I've found, particularly since moving to Northern Minnesota, you can be taken in by what others want to do rather than what you'd like to do. With the advent of technology, the fashion today is to race miles away on a snowmobile, drill a thousand holes in the ice, drop in a fish-finder sonar pack and not stop wandering until you see a red blip on the screen. I on the other hand I would much prefer to go a few hundred yards from my house, drill one hole, sit in one spot, fish, and enjoy the moment of being on the ice. The number of fish caught is far less important than the time spend just "Being There". I'm of the old school that "It's the Journey not the destination". If you consider that the destination is reached far too soon, best to enjoy getting there.
     
    Last edited: Mar 4, 2019
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  14. the_diego

    the_diego Member

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    Definitely a getter in the Pacific theater, though no one said shooting ranges were always short around the trees and beaches.

    Just from (selective data) paratroopers in the European theater, the preferred guns to carry when dropping into enemy territory are:

    1. garand
    2. thompson
    3. folding carbine
    4.1919 machine gun

    the Garand was always viewed as the goto rifle in a fight. the thompson gives one confidnence (?) in a sudden firefight (??). the carbine is a great weapon for a para solely for the weight savings. The 1919 is real firepower in your hands, "every paratrooper should have it." (!!!)

    the bad ones were:
    1. 1918 BAR
    2. M-1 carbine
    3. 1911

    the BAR didn't give enough firepower for its weight (which incuded the magazines.) paratrooppers can fire the 1919 mg a few seconds upon hitting the ground. The M-1 carbine seems like a weak round that it doesn't give you confidence in a dense firefight. The 1911 is just extra weight, they say. Better to carry more ammo for your rifle.
     
  15. USMCPrice

    USMCPrice Idiot at Large

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    Your list brings to mind something I always wonder about; why the M-1918 BAR is so often denigrated on online discussion forums? The combat soldiers and Marines liked it and had confidence in it. The Marine Corps in fact went from one, to two, to three BAR's per squad during WWII. The WWII US Army's 26FEB1944 TO&E called for 27 BAR's per infantry battalion. This number jumped to 47 per infantry battalion with the 30JUN1944 TO&E, so they must have thought it was useful. Production couldn't keep up with demand, and combat losses were greater than anticipated which led to a critical and chronic shortage up into 1945.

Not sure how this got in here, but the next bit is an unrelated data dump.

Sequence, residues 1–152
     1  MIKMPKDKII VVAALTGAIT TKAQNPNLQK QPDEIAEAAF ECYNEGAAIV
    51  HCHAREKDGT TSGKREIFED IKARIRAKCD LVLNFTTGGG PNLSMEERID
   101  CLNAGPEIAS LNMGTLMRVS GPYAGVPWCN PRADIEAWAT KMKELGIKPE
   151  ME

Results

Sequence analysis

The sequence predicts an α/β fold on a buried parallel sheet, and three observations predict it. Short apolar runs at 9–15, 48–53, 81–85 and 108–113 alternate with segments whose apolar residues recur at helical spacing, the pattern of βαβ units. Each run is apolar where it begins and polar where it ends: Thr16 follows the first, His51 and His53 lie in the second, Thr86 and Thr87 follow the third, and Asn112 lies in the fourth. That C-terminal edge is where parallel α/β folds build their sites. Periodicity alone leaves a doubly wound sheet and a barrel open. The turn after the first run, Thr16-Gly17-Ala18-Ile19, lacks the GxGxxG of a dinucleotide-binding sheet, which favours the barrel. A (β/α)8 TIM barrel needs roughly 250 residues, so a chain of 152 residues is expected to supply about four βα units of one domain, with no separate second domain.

During Korea the troops had very high confidence in the weapon and it was THE decisive weapon in many engagements. I think most of the negative comments come from people that try to compare it against light machine guns, which it wasn't intended to be. It was, as it's name states an automatic rifle. When employed using the appropriate tactics, it was good at it's job. The role was obviously seen as tactically important because they developed a successor, the select fire M14.
     
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  16. the_diego

    the_diego Member

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    ^
    I agree with you there. I think I'd rather have an automatic that I can carry around and run with (remember that movie with the kid running through no-man's land with a BAR, and finally reaching his base?) than anything. But the article was very specific for parachuting troops. I suppose the adrenaline in such a situation will allow you to use a 1919 as a sub-machine gun.
     
  17. lwd

    lwd Ace

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    Did the paratroopers actually carry the 1919 with them when they dropped? Or was it in a supply canister? I can see how a BAR would be a bit cumbersome to land with but I'd think a 1919 even more so.
     
  18. the_diego

    the_diego Member

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    I recall two accounts, "While Eagles Screamed" and one Ballantine series. I'm assuming paratroopers used the one-man portable A6 version which had a bipod, and a buttstock.
     
  19. gtblackwell

    gtblackwell Well-Known Member Patron  

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    Less one thinks this thread wanders toward the inane, on occasion, I actually learned something. A careful reading of The Diego's post finds the folding carbine being on the good list and the M1 carbine being on the bad one. Being both bored and intrigued simultaneously I was inspired that KodiacBear conducted his own definitive test so I decided to do the same. I enlisted, no pun intended here, the aid of Auburn University's physics lab. Our conclusion, the steel folding stock of the folding model, when erected, compressed under the force of 37.8 Newtons, we used the rare +P version of the M1 carbine round, when released added it's energy to the projectile increasing it lethality by 3.67%. The wooded stocked MI version absorbed the recoil thereby reducing the power by -1.83 %.

    It is clear the folding carbine is the better weapon and secures its place in military history and no doubt changing the course of the war.
     
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  20. Biak

    Biak Adjutant

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    Why do I now have this vision of a spring assist shaft arrangement centered within the stock ?